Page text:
Sally: Well, first of all, not a day went as planned! And it is very difficult to measure the outcome. One positive result of our time there — especially due to the openness of the team members — was the opportunity for African women to see and interact with these highly educated women from the United States who wanted to take the time to get to know them. Relationships are so highly valued in this African culture. The language barrier was huge but the women really worked hard to connect.
Lily: When I came, I felt inexperienced and unsure of myself. I didn’t feel totally comfortable and I was concerned I wouldn’t fit in. But God taught me, “Why are you looking for affirmation from anyone else but me? You’re a child of mine.” And the team was so great. It was really incredible to be with a group of women, with such differences, to pray together. I learned a lot about the disciplines of the spiritual life but definitely was reminded that everyone is different and we are all children of God.
Vicki: One of the biggest challenges I had was the importance of protocol and the status of women as second-class citizens. In some situations it felt like we (the women) were second-class citizens and that our project was an afterthought. However, I know that God taught us a lot about flexibility, humility, and patience. Despite the cultural challenges, I know that we made a lasting impact in the lives of women in the Central African Republic.
Photo: Vicki and Lily.
What do you think was accomplished by the team?
Kate: I think our purpose was primarily to be a catalyst, to help the faculty do the work. The burden was on them, getting people together to work on that project. We also got women together to talk about these problems, women faculty and women students together sharing their stories. The Saturday morning conference on gender, bringing all these women together to share their stories in one room, was a really important thing. From that, they expressed interest in forming a group of women academics to get together regularly.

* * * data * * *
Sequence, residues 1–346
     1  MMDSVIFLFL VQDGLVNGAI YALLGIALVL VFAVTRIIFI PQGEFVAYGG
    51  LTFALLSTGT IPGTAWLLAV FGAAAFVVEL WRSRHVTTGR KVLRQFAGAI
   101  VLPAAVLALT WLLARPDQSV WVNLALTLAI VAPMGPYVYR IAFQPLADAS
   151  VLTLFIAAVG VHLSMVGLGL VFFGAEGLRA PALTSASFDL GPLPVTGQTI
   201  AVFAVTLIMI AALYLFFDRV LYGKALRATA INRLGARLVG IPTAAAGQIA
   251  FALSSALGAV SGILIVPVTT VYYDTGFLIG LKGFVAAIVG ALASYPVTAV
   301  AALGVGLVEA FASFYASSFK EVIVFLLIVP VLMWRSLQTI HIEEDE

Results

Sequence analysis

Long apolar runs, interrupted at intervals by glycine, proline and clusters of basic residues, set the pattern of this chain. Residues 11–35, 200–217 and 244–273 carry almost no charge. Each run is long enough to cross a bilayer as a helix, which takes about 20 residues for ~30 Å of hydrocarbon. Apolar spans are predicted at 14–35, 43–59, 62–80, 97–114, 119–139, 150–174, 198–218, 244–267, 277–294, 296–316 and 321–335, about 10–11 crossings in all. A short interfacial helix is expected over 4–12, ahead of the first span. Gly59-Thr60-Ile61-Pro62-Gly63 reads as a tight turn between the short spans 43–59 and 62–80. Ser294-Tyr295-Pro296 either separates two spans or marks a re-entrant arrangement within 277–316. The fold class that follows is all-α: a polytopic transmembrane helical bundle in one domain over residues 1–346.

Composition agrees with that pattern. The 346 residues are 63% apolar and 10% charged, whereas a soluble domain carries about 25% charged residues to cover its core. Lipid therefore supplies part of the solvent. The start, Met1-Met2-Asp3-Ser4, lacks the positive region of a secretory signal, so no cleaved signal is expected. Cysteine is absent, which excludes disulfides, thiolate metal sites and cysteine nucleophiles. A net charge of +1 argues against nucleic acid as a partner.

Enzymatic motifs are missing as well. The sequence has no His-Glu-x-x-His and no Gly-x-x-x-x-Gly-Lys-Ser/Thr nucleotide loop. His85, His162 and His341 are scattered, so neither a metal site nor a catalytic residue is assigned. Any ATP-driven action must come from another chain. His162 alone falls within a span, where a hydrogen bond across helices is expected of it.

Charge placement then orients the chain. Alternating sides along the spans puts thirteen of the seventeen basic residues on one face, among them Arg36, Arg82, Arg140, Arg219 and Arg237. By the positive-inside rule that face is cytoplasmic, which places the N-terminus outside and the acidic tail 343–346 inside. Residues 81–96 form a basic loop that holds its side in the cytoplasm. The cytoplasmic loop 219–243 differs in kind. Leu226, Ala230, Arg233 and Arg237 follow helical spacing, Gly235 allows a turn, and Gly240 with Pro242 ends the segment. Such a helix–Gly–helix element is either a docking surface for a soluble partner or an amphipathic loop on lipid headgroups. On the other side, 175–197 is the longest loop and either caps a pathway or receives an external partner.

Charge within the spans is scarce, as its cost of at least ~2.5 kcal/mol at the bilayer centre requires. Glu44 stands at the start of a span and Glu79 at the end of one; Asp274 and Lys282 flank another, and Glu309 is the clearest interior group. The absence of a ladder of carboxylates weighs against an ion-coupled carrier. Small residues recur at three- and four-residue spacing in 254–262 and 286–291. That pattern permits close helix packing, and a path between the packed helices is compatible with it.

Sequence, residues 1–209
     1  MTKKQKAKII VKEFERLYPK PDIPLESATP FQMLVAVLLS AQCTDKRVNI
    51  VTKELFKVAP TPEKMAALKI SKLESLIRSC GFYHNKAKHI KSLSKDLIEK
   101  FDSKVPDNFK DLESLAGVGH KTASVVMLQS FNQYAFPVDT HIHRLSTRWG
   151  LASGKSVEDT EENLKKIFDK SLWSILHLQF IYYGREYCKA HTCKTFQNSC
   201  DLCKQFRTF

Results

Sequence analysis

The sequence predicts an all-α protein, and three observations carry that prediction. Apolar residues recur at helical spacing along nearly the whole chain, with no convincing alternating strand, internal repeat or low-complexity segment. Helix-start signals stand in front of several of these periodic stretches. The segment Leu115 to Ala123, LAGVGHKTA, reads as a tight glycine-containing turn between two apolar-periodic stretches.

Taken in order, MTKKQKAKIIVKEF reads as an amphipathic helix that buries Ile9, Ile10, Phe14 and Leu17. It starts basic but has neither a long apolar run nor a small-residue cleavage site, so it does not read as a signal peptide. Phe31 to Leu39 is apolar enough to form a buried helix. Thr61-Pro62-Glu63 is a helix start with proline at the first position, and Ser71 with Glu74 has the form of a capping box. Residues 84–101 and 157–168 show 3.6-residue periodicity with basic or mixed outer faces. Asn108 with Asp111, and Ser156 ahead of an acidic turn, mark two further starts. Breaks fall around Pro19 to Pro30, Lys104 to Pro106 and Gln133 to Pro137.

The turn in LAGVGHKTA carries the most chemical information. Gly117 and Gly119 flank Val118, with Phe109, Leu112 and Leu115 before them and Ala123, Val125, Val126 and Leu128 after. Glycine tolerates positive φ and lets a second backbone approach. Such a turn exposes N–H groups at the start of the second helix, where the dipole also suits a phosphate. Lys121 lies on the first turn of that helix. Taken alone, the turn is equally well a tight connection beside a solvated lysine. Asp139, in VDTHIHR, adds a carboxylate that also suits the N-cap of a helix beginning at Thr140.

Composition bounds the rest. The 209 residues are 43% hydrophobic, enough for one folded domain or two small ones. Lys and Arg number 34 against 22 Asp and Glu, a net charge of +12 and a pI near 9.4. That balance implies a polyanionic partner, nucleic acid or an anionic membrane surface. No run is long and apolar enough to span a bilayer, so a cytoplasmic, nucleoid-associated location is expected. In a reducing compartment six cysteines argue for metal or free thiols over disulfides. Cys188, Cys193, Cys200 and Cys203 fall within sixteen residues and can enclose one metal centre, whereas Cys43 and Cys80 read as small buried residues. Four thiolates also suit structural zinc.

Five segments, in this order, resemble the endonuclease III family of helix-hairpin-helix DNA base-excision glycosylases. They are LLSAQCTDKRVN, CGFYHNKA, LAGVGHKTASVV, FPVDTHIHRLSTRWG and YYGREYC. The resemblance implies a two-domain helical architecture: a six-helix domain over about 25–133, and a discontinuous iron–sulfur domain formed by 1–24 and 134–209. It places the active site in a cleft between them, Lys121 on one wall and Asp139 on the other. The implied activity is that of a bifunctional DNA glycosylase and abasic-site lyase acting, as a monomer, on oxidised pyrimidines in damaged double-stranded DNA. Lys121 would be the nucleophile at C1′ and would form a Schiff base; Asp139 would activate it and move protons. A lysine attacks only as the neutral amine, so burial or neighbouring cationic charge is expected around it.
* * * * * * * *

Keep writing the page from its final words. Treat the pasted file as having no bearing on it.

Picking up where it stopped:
Sally: I think the nature of our team, the diversity of it, had an impact on the people we were with, both Africans and the missionaries we were with. We had so many differences, but we were a unified team.
Kate: I did come to realize that it was important that we were there. It showed that we cared about this work. A long plane trip, a lot of money was invested and they were definitely grateful that we came for that particular project. And our presence, along with the work of the committee, brought the concerns to the attention of the whole university. Seraphin, one of the staff who hosted us, told Vicki and me on the last day that our presence and encouragement were really important for the women students we met. That has really stuck with me.
Lily: I think it really helps the people that are there that we are just present, that we have not given up on them. One of the missionaries, Sue Peters, said to me something I will never forget: “When you come here, you may not be the most useful person here. You may though be the only Bible these people will ever read and that is why you’re here.”
Kate: Sally gave a presentation about the woman who touched Jesus (Mark 5) to 40 women of IFES. The women there seemed so hungry to hear our thoughts on how to be women who follow Jesus, what is particular about that. Later, student leaders from the IFES group came and talked to Sally about how they can encourage women (students and wives of students) to have the courage to talk in their Bible studies. They clearly longed to be ministered to.